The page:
Well, we have read it and know it's not cold. It's warm with anxiety, poignancy, grief, hurt and reluctant self-sacrifice. Read carefully Mary's letter is not asking Frank to release her, but asking him not to release her. Not that Frank reads it very carefully. This is common among certain of Trollope's spontaneous characters. Mary is a very Trollopian character too when she misapprehends how her imagined recipient will read and respond to her letter. One should also say here the above kind of mistaken understanding and contradictions make us laugh kindly at Mary. It's a deeply sympathetic laughter. We are in her mind. This too is us. And this comedy deflects the sense of emotional depths Trollope plays upon.
The scenes also form a minuet of parallels; this too controls our emotion because the aesthetic patterning is felt . . .
December 5, 1999
From Re: Dr Thorne, Chs 44-47: The Best Moment in the Book Led into by Mary's Delayed Letter: Plangency
If a novel may be likened to a musical composition, I offer up the idea that in the last four chapters of Dr Thorne Trollope hits just the right notes to keep us going and get up from our books gratified by a deeply-felt yet comic experience. He also gives us an apparently fully romantic ending which is at the same time undercut ironically and made acceptable to the prudent by pouring money into Frank and Mary's laps. I call this having it both ways.
For a start, consider his difficulties: we know how it's going to end. He's not fooling us with Dr Thorne's anxiety over whether Mary will be recognised or not -- nor does he really mean to. Instead he exploits the fictional stance of the comic storyteller by confiding in us his determination not to be bullied by those who say he and other novelists ought to hire a barrister (Penguin Dr Thorne, introd. RRendell, Ch 45, pp. 525-26). This distracts us from the predetermined felicity, at the same time as telling us this is a fiction. We are also not worried that Frank will be persuaded away from Mary either by his mother or Harry Baker. Here Trollope carries us along by getting us deeply involved in the debate itself, and what that provides is allowing us to hear idealism affirmed while we suspect that Frank will not give up anything that matters since Mary is going to inherit Sir Roger's fortune. A key line by Frank resounds healthily in our hearts: '"Mother, I will not sell myself for what you call my position" (Ch 44, p. 512). We are delighted to sneer at Lady Arabella's notion that hard work which offers independence is demeaning:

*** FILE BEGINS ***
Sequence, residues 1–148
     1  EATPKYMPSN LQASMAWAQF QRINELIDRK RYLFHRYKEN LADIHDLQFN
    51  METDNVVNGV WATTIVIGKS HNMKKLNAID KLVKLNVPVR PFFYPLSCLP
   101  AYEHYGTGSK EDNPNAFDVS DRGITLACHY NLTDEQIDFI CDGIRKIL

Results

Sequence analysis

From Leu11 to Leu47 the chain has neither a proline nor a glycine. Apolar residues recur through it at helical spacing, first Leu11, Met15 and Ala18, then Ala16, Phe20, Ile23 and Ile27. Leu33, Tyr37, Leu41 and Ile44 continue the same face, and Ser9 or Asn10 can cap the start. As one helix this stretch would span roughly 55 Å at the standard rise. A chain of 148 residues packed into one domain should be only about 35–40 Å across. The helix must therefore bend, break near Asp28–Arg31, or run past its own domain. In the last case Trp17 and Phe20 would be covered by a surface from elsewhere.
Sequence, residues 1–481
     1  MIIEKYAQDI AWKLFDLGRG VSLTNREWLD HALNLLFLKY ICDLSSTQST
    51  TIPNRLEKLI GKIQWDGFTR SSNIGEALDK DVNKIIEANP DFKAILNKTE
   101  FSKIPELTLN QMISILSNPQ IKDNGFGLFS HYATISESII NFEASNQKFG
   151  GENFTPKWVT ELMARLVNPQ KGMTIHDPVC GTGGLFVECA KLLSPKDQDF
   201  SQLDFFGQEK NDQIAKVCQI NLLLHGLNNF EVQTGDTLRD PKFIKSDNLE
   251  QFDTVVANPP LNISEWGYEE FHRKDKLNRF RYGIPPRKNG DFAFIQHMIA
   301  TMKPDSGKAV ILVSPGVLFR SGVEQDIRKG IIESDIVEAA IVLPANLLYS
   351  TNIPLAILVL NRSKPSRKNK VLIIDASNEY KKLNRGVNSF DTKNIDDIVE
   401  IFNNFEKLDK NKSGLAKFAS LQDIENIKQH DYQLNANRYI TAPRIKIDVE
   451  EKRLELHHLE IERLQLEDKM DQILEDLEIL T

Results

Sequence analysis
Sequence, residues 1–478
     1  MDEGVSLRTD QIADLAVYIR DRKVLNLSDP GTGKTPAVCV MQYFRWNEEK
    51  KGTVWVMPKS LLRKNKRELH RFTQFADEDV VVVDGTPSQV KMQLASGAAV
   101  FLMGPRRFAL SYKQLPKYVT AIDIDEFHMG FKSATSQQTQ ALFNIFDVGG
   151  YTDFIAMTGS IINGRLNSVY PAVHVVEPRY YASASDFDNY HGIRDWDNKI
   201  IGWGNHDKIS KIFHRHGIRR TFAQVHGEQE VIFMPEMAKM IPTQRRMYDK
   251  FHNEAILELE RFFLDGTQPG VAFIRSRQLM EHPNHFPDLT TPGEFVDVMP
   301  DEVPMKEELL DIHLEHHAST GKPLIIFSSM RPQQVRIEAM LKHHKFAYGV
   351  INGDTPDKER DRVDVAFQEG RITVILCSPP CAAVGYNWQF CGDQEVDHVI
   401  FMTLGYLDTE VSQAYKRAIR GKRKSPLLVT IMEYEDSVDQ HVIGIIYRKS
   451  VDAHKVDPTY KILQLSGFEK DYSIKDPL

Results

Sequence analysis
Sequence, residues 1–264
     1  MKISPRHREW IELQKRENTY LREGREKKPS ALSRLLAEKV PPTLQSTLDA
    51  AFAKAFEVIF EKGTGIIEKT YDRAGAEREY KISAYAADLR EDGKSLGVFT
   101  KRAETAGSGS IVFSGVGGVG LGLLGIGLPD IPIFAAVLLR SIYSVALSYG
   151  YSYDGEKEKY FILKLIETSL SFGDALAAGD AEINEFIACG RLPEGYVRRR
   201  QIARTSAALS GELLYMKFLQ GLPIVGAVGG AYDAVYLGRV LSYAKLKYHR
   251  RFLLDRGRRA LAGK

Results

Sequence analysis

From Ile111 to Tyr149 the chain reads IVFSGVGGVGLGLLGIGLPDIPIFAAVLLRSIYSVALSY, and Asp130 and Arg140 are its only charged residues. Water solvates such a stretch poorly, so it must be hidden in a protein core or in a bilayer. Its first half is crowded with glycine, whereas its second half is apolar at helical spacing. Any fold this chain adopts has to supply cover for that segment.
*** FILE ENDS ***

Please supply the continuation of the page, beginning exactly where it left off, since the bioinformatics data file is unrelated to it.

A profession -- hard work, as the doctor, or as an engineer -- would, according to her ideas, degrade him; cause him to sink below his proper position; but to dangle at a foreign court, to make small talk at the evening parties of a lady ambassadress, and occasionally, perhaps, to write demi- official notes containing demi-official tittle-tattle; this would be in proper accordance with the high honour of a Gresham of Greshamsbury (Ch 44, p. 511).
The letter is very useful in this chapter. It puts our heroine into deep emotional suspense. And we have been made to identify with her. We may be having fun laughing at Slow and Bideawhile, but Mary doesn't know all is going to end happily for her -- and Trollope keeps reminding us of this:
And in the meantime, she was waiting with sore heart for his answer to that letter which was lying, and was still to lie for so many hours, in the safe protection of the Silverbridge postmistress (Ch 44, p. 514).
If I were to put in my finger on the most moving moment of the book, the one that places it high in achievement among Trollope's books, it would be the sentence with which the penultimate chapter ends:
'"Oh Frank; my own Frank! we shall never be separated now"' (Ch 46, p. 543).
The plangency of this has been prepared for for some 543 pages. It is not the only moment of remarkable depth: there are the many scenes between Sir Roger and Dr Thorne, the scene between Dr Thorne and Lady Scatcherd when Sir Roger and Sir Louis have died. There are the scattered keenly ironical dramatic utterances of Miss Dunstable. Keen irony comes from caustic anger. However, the plot line culminates on Mary's sudden rush of emotion in response ot the silent Frank at the window ...